In light of economic uncertainty resulting from the impacts of the Coronavirus, this past month we facilitated multiple Zoom brainstorming sessions with our investors. We are fortunate to have highly intelligent and experienced investors in Altus projects; and we were able to benefit from their combined wisdom. These investors are geographically located about as far east (Massachusetts), west (California), north (Wisconsin) and south (Texas) as you can go in the US, and everywhere in between. A couple of the investors on the calls live outside the US for good portions of the year. We had investors ranging in age from their twenties all the way through their eighties. This wealth of experience, array of geographies, and differing life situations created a forum where people shared ideas across investing and risk spectrums.
Some key themes:
- Economic disruption doesn’t change longer term trends (ex. the wave of baby boomers moving into retirement years).
- In the case of the COVID-19 impact, secular trends already in place have just been accelerated
- Multifamily is the safe place to be, now and moving forward.
- Borrowing is going to become more and more difficult moving forward with a wide divergence in asset type (e.g. multifamily will be much easier to finance than retail).
- There will be opportunities both in being more able than others to obtain debt and having structures through which to provide non-bank debt.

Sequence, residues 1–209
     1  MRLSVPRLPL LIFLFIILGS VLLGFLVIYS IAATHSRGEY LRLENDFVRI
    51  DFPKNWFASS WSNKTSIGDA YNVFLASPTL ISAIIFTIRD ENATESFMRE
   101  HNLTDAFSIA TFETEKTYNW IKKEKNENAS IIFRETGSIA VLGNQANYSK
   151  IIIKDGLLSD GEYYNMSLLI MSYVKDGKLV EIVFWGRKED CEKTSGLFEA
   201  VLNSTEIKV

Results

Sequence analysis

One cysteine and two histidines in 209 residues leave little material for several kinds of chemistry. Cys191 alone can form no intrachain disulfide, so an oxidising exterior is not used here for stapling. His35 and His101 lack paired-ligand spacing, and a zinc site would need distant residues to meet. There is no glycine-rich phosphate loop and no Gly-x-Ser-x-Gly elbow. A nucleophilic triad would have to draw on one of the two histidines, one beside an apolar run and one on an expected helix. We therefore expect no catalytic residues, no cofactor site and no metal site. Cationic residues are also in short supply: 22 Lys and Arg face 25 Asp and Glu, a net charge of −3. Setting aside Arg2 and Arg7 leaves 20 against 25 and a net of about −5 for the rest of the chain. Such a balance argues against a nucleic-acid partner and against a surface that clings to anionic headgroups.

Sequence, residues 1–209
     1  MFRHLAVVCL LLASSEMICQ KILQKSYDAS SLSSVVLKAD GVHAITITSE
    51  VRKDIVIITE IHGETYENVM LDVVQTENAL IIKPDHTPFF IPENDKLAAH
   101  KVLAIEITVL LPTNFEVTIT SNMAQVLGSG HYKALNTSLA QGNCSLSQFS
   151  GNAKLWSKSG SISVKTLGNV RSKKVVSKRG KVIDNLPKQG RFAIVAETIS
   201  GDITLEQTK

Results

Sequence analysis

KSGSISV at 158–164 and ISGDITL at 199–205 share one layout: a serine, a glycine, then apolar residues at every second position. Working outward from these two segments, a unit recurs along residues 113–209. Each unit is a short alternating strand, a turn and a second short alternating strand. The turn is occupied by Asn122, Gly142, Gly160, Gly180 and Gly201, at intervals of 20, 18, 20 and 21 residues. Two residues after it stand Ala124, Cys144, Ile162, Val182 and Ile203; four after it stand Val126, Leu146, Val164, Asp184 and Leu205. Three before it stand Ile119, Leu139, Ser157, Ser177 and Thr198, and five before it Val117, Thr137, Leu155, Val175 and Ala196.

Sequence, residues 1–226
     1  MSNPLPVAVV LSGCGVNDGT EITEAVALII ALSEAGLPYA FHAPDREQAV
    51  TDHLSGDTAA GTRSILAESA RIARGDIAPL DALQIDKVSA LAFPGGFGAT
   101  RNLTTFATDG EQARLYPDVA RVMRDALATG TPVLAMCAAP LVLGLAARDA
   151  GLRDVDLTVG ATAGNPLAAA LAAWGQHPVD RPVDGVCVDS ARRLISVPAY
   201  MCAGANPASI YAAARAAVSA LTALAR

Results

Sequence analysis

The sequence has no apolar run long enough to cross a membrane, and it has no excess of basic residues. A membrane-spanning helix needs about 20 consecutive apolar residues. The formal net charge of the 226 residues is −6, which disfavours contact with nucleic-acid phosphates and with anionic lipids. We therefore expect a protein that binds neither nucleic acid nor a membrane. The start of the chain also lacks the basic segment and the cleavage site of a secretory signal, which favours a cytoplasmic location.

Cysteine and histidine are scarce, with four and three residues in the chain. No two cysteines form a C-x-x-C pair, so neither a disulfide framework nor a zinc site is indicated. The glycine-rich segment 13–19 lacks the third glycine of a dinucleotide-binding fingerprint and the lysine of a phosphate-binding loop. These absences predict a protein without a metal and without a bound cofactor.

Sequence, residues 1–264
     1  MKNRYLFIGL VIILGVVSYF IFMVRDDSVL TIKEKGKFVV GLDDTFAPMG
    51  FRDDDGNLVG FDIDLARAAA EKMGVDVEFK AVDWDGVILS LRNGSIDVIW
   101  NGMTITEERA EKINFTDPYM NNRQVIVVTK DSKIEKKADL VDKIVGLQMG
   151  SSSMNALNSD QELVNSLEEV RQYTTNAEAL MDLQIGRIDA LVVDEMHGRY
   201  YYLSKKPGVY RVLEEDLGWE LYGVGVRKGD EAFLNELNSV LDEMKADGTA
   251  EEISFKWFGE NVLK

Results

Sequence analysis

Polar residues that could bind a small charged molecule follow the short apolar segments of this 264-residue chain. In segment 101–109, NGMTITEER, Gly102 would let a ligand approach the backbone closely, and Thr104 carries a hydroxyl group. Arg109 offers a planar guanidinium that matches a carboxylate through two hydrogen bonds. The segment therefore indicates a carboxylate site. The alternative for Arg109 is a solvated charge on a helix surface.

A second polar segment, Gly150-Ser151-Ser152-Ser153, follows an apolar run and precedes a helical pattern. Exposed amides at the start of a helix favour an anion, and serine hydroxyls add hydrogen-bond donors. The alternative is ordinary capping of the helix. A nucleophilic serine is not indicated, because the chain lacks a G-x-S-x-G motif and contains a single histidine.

- Onshoring, and thus the need for industrial product, is an accelerating trend
- Is “The Last Mile” product something that too many investors are already chasing, or is the demand growing so quickly that developers/investors can’t keep up?
- It is to early in the recessionary period to know where the true value/price dislocations are going to be.
- Interest rates may not go up in the short run, but they are still historically low and should be taken advantage of.
Through these brainstorming sessions, coupled with Altus internal conversations, we were able to gain some clarity on certain high-level investment strategies moving forward over the coming months and years. This doesn’t mean that specific real estate products won’t change, but rather provides a framework through which to view opportunity across different economic environments.